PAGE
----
San Diego Superior Court Judge Joel Pressman recently issued a decision ordering University of California San Diego (UCSD) to set aside its findings and sanctions against a student who was disciplined for sexual assault. This case has been the subject of a bit of “chatter” in the media. Some people are asserting that this decision may represent a new front in defending male students from sexual assault allegations. Other folks are asserting that this case is an outlier and is of no effect in relation to universities’ handling of sexual assault cases.
Neither side is entirely correct in their assessment of this case. This case will be of limited national value as it was issued by a County of San Diego Superior Court and the basis of the review was applicable California law (not federal non-discrimination law and traditional contract based actions). However, it is not fair to say that this case is an outlier. What this case does appear to represent is a court’s willingness to overturn a disciplinary decision when there are compound facts that give an appearance that a university (whether public or private) has acted unfairly and in an arbitrary and capricious manner in arriving at its findings and sanctions.
In overturning UCSD’s decision and sanction, the court found that: (1) the hearing was unfair; and (2) there was a prejudicial abuse of discretion.
In determining that UCSD’s hearing was unfair the court found the following defects:
- the university unfairly limited the sanctioned student’s right to cross-examine the primary witness against him (the female student who made the sexual assault allegation);
- the female student’s placement behind a barrier during the hearing unfairly prevented the accused student from “confronting” the only witnesses against him, the female student who made the accusation (the court was troubled that she was not visible to the accused student);
- UCSD’s failure to present as a witness an administrator who investigated the allegations and concluded in a report, that was relied upon in the hearing panel’s findings, that an assault had occurred (which denied the accused student of his right to confront the investigator or the summary conclusions reached in the investigator’s report that a sexual assault occurred); and
- the panel appeared to improperly give weight to, and drew an adverse inference from, the accused student’s exercise of his right against self-incrimination at the hearing.
The court also determined that the evidence did not support the hearing panel’s finding that the accused student was responsible for committing sexual assault. The court used a standard of review under California law that gave deference to UCSD’s hearing panel. The standard used was whether there was relevant evidence that a reasonable mind might accept as adequate to support the hearing panel’s decision, and that the court must uphold the decision and not assign its own weight to evidence where the inferences drawn from the evidence by the hearing panel are plausible. Even using this deferential standard the court found that the substantial evidence at the hearing did not support the finding of non-consensual sexual activity.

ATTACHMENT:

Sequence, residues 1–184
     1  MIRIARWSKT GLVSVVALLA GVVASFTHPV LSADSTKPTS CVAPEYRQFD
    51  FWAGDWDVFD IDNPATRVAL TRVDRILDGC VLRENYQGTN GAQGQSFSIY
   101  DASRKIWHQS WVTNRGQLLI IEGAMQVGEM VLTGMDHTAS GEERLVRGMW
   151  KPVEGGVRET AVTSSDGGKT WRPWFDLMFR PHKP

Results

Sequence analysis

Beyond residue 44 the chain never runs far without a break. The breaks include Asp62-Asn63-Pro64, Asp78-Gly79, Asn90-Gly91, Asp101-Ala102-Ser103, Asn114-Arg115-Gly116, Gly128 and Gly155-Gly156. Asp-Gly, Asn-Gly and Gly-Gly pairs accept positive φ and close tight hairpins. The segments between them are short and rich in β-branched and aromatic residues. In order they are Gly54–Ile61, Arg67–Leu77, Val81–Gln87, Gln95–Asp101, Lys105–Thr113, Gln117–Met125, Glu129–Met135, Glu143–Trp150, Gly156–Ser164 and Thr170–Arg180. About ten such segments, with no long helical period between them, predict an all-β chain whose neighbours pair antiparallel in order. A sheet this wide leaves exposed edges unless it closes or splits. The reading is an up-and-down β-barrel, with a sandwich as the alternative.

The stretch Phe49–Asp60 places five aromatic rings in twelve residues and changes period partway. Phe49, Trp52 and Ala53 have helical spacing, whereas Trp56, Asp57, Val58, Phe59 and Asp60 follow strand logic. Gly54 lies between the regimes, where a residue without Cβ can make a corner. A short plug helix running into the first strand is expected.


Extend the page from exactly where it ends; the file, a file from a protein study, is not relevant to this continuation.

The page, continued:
The court arrived at this conclusion based on three items. First, was the hearing panel’s reliance on an investigatory report without giving a meaningful opportunity for the accused student to challenge its contents (as was mentioned previously). Second, the female student’s own testimony at the hearing did not indicate that digital penetration occurred and her testimony did not indicate that she objected to the sexual contact. Third, the court found that the narrative of the sequence of events that day did not demonstrate non-consensual behavior.
Lastly, the court found that there was unfairness relating to the imposition of the penalty. The court was troubled by the fact that after the accused student appealed the finding and penalty UCSD increased the penalty without an explanation (this was actually done following two successive appeals). Judge Pressman ruled that the increased sanctions were an abuse of discretion (the standard of review used) and even he went so far as to state that the increased sanctions were punitive towards the accused student for the mere fact that he appealed the decision of the hearing panel.
At this point in time it is not known if UCSD will appeal this court’s decision. However, the court’s ruling gives the appearance that there are significant difficulties with how this case was handled by the UCSD administration and an appeal might prove unsuccessful.
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